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Benthic Macroinvertebrate Essay

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Updated: Mar 25th, 2022

Abstract

The sampling of Macroinvertebrate constitutes a very important aspect of analyzing a habitat due to the fact that Microinvertebrates are fundamentally vital in defining the health of streams where they habour. Equally, they indicate the condition to which a habitat can be access as well as enable a clear definition of the quality of water where they exist.

This report is an attempt to analyze data which was obtained from three(3) varying bench-Macbroinvertebrate samples which were gathered from over a one hundred and fifty meter unit creek from Dento, Texas. A three minute kick net sample was collected every 50 meters along the reach and then brought back to the lab for processing. The variety of Macroinvertebrate along each transect was compared in pie graphs. More varied habitats in transect tended to produce greater variety in the sample.

Several aquatic insect are known of as indicators of a good stream-health such as Ephemeroptera, Trichoptera, and Diptera. A high variety of aquatic Macroinvertebrate are indicators of a high quality stream. Benthic Macroinvertebrate studied are useful to determine anthropogenic alterations of a stream’s ecosystem from pollution. Therefore, it is important to study the results of Macroinvertebrate samples to understand better what is going on in a stream.

Introduction

The general knowledge of stream-ecology is built round studying activity in running-water especially as expressed by the symbioses of organisms and their adoptability and interactions with their habitat. It may be viewed through the interchange of energy physically, biologically, and chemically between the organisms and their habitat in a chain structure (Larson & Pat, 1997; Poole & Berman 2001; Uneme, 2008).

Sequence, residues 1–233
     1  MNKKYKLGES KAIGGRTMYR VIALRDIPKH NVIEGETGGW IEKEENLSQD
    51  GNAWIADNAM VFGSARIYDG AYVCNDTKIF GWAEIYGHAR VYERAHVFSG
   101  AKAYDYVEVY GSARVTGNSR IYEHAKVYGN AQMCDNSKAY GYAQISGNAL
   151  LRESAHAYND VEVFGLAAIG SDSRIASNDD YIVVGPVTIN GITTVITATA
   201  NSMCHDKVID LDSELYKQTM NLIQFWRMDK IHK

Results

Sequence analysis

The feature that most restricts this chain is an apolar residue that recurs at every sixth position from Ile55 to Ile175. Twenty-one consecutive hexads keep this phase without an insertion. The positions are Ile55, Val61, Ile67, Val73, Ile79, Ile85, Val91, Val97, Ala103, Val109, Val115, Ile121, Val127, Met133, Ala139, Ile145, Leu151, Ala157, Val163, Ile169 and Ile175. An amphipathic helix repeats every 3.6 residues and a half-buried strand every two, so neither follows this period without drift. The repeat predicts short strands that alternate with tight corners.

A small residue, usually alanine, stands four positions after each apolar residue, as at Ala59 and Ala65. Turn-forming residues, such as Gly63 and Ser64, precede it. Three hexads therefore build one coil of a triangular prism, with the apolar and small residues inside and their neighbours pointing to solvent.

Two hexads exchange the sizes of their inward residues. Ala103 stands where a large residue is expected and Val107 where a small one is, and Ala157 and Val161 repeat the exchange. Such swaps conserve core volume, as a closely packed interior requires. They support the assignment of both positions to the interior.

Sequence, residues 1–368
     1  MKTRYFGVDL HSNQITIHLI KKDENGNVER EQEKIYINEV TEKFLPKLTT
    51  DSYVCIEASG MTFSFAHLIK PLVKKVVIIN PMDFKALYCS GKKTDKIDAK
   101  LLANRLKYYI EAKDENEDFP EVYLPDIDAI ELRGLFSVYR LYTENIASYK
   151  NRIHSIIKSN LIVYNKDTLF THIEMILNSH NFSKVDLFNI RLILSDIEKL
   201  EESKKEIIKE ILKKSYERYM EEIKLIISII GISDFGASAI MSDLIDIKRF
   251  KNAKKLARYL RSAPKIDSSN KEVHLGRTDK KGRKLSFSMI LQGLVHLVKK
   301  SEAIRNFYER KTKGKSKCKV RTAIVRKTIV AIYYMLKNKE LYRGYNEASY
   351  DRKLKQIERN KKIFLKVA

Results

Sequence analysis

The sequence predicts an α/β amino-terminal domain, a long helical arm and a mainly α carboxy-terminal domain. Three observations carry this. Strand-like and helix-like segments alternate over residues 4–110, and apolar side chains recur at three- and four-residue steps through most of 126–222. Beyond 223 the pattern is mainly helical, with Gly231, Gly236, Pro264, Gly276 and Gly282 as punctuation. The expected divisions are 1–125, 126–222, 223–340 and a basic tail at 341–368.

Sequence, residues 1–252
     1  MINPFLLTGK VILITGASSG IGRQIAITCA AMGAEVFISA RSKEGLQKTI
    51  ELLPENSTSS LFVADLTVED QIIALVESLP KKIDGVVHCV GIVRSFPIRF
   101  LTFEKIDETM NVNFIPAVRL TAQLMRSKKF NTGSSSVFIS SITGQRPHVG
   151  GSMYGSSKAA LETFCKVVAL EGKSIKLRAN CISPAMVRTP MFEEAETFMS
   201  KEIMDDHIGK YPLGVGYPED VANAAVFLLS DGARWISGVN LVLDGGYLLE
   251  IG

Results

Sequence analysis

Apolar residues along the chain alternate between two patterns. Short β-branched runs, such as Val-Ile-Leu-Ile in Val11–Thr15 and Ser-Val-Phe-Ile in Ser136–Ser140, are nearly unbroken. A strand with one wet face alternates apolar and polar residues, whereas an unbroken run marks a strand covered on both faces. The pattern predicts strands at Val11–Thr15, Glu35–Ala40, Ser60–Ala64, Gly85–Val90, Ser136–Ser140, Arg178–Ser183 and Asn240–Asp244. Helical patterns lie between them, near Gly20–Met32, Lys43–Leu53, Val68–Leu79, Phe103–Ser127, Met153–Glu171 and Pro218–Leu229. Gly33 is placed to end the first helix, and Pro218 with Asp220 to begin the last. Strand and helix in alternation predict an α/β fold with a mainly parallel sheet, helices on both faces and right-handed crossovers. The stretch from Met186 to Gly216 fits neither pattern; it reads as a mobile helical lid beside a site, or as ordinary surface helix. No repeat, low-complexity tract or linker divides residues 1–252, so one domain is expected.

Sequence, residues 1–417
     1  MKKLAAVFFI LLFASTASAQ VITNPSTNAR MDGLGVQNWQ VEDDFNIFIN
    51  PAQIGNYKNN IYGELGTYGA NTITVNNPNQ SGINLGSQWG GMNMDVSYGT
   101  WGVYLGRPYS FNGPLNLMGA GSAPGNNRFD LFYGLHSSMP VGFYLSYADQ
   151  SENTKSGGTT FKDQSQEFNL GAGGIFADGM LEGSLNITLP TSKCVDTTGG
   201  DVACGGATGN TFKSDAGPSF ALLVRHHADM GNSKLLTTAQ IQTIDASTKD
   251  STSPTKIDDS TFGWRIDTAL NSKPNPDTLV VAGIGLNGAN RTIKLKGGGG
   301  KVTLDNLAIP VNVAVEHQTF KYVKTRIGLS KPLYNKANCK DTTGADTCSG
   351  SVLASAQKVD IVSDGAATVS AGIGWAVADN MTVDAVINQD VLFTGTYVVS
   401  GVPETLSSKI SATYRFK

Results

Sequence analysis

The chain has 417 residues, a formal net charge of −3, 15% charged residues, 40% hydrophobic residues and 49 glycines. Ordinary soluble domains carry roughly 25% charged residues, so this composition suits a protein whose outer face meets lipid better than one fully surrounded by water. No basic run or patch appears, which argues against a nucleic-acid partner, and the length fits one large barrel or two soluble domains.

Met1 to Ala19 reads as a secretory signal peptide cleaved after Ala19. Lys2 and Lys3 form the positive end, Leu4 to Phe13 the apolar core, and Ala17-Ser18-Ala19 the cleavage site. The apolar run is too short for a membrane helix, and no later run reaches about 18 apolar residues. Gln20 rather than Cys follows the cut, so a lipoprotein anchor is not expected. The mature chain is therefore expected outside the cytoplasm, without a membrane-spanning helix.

The chemical aspect of the chain involves dissolve and absorb of gases, solids and the circling of nutrients within an organizational circle or an ecosystem which may encapsulate the presence of chlorophyll in periphyton or microorganism on CPOM.

The physical aspect of the process has to do with eco-regions such as watersheds landforms and to some extent, climatic conditions (Gauge, 2009)). The biological aspect of the chain is the organisms themselves which are able to cause a change on their environment through their day to day interaction with same (Frenchman, 2004; Emeka, 2011).

By the interaction, there is interdependence on organisms on others. Very recognizable in the chain are Macroinvertebrates. The paper will study Macroinvertebrates sampling as a very vital component of analyzable habitat. The study is made relevant by the significance of Microinvertebrates to health indications in streams. Dodds (2002) has also linked the significance to indications of same to habitat conditions as well as to water-quality.

The study thus presents a report in provision of a summarized data gathered from three varying benthic-macroinvertabrate specimens that were accessed at over one hundred and fifty meters reach of a Denton creek in Texas. A three minute kick net sample was collected every 50 meters along each the reach and then brought back to the lab for processing. The variety of Macroinvertebrate along each transect was compared in pie graphs. More varied habitats in transect tended to produce greater variety in the sample.

Several aquatic insect are found to be indicators of a good stream health such as Ephemeroptera, Trichoptera, and Diptera. A high variety of aquatic Macroinvertebrate are indicators of a high quality stream. Benthic Macroinvertebrate studied are useful to determine anthropogenic alterations of a stream’s ecosystem from pollution. Therefore, it is important to study the results of Macroinvertebrate samples to understand better what is going on in a stream.

Aim of the Study

The aim of this study is to determine anthropogenic alterations of a stream ecosystem from pollution.

Material and Methods

Material

The materials for the study include Benthic Macroinvertebrate samples that were collected at clear creek, Denton Co. Texas, on February 17, 2011 from 12:15pm to 4:00pm. Clear creek is the local stream for Denton, Texas. It is located at Latitude 33°20’10”, Longitude 97°10’45” NAD2 with the drainage area 295 square miles.